I have never made an effort to strengthen my glutes/ hamstrings/ quads in the past, and I could complete half marathons (2 in 2 months). Yet, doing these strengthening exercises now cannot seem to help get my knee fully recover.

      Am really upset with my slow recovery to the point that I suspect I may never make a full recovery and be able to run the same as before….

      Pardon my pessimism please!

    3. Grace, I am so sorry to hear the update – and of course I understand your pessimism! Don’t give up hope, though – it seems to me that IT band injuries can come on at random as well, so perhaps it will go away after more time.

    4. Hi! I am struggling with the same thing…I’m in week 5 of PT and IT band issues still persist. I was training for my first marathon and now so bummed just thinking of not being able to run it. I am going to try acupuncture in addition to PT to see if that works. I’ve also started looking into essential oils that help with inflammation and well as other herbal supplements- hopefully something works. The Chicago marathon is about 6 weeks away and I’m not sure if running it is still in the picture :/

    5. Just to give a little hope to those of you in despair about your IT band pain. I am Ashley from the above comment about my marathon being 3.5 weeks away…… So as an update, I had success from IT band rehab and was able to run my marathon without any IT band pain. It was tight, but not painful. But it killed for days after! Here is what I did. I Religiously foam rolled 3x a day about 3 minutes per leg. I rolled right down the middle for 1 minute, the other 2 minutes I slightly tilted forward for a minute and backward a minute, so that I got all angles of the band (hopefully that makes sense). I used ice cups on the insertion point at the knee, I did simple hip exercises to strengthen the hip as well (hip hikers, clams, standing hip flexion, extension, and abduction etc) I took a few days off running and biked at a fast speed in hopes of not losing too much training. Then the pain subsided in a few days, it wasn’t gone, but not too bad; I believe from the foam roller, but I’m no expert. I then started throwing running back into the mix along with biking. On my runs I slowed way down! I was able to get back into things pretty quickly with this probably 1.5 weeks. I attribute this to catching it VERY early. I knew what the pain was because my college teammate battled IT pain a lot when we ran together, so I knew what it was when it came on. I bought a foam roller and it saved me. I do know that my story is optimistically uncommon, but I just wanted to put it out there to give some hope. Also just a bit from my teammate who is an amazing runner, an exercise scientist and very knowledgeable about IT band pain as she had to research and learn from experience. She told me, “The IT band is unlike other injuries. Other injuries you rest and they go away. IT band pain will subside with rest but it will come right back when you start running again if you don’t rehab it.” you have to get your hips strong and break up the tissue on that dang band, or it will just pull at your knee. So my advice is foam roll and get your hips strong! Any way, hope that helps someone.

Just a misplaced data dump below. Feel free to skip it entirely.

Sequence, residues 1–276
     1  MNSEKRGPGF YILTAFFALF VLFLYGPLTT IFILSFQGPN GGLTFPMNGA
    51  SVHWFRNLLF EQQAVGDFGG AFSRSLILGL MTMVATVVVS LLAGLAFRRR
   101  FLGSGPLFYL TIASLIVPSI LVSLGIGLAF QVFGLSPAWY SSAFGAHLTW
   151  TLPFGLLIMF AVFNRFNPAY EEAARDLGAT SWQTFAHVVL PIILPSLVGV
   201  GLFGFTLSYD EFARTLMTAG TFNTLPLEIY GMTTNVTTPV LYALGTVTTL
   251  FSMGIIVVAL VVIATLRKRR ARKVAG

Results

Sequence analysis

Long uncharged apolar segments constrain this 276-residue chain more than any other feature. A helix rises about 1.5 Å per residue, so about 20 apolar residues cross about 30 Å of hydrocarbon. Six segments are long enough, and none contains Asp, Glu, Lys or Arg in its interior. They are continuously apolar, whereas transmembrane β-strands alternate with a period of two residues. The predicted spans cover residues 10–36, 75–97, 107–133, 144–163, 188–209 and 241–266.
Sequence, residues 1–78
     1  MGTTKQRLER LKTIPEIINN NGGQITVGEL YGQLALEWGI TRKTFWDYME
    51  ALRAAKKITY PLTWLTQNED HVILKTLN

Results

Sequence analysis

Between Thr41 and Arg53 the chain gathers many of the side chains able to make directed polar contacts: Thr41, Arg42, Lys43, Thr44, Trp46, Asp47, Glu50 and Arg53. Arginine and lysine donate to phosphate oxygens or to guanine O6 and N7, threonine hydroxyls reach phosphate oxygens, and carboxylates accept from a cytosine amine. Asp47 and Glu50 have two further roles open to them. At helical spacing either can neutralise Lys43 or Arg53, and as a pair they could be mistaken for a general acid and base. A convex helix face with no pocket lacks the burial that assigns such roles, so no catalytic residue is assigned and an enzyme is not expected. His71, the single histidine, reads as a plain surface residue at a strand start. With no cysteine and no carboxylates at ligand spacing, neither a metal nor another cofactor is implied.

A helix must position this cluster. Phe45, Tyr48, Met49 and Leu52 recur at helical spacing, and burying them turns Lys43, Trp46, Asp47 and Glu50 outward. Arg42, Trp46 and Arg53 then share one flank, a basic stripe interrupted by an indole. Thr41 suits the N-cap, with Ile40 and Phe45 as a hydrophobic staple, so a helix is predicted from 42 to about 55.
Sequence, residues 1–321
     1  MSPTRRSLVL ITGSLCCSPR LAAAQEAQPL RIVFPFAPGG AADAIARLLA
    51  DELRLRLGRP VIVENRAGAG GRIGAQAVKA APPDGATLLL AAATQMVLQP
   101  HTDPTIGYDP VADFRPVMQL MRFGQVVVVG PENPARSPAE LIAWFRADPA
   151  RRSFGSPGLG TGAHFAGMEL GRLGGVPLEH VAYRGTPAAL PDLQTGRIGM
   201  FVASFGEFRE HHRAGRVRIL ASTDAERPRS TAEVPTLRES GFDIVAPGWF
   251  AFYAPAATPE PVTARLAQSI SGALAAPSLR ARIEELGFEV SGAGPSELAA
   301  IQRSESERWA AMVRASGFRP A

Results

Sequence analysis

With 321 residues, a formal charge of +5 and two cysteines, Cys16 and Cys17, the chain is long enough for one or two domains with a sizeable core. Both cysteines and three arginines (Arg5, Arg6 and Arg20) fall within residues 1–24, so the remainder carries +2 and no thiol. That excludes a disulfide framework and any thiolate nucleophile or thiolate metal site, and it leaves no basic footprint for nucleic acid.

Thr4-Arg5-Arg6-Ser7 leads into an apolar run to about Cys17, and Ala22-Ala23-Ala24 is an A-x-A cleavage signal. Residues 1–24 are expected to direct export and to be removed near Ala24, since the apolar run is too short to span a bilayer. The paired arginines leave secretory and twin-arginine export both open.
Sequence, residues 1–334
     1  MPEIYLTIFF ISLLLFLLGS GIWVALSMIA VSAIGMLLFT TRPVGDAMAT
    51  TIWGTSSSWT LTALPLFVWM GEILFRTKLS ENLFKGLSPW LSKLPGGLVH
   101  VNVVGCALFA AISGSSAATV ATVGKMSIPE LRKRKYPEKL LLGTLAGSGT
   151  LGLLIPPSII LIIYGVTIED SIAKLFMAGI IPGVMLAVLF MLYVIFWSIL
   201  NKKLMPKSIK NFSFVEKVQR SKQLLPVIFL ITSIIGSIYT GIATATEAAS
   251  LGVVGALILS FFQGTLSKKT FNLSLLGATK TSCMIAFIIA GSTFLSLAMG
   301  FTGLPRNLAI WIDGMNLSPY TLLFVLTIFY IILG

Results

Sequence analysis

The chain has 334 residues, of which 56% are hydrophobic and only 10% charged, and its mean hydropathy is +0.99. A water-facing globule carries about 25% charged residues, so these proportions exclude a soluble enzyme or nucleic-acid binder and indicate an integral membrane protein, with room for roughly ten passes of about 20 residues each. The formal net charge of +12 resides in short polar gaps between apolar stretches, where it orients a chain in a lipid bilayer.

6. Ashley, thank you SO much for coming back and sharing this!! I’m sure it’s going to be prove very helpful for a lot of people.

      And while we’re sharing updates: I haven’t had IT issues for years, and I attribute that to the hip strengthening that Ashley mentions. It’s so easy to skip strength training when you’re running, but I’ve found that’s always led to injury for me.

  10. Just to let you know a happy outcome – after having to phone my wife to come and collect me in the car, 4 weeks later i managed to run the marathon (my first) on 4:11 – my knee was absolutely fine I am pleased to say. Well, my knees were sore, but nothing like the sharp pain on the outside of the knee that forced me to stop.

    I started to do some strengthening and stretching exercises and also did the plank and wall sit every night. Not sure if this really made any difference, but i guess i mustn’t have really injured it as much as aggravated it. I also loaded up on ibuprofen during the race 🙂

    1. That’s fantastic news, Steven – huge congratulations! Sometimes some basic rest can do wonders – that’s been the approach I’ve been taking with a few injuries myself lately.

  11. I have not had serious IT band issues for years and it came suddenly- in 6 mile of my first marathon! So I run. At midpoint, it was worst, on cobblestones and tram tracks, but fortunately then I started to feel tired anyways, so I could ignore it more. I had to alter my pace and say farewell to my target time! So I ran slow, painful hell. People were running past me. A lot! Fortunately bananas at aid stations were seem to help and I was able to finish just 3 minutes under 4.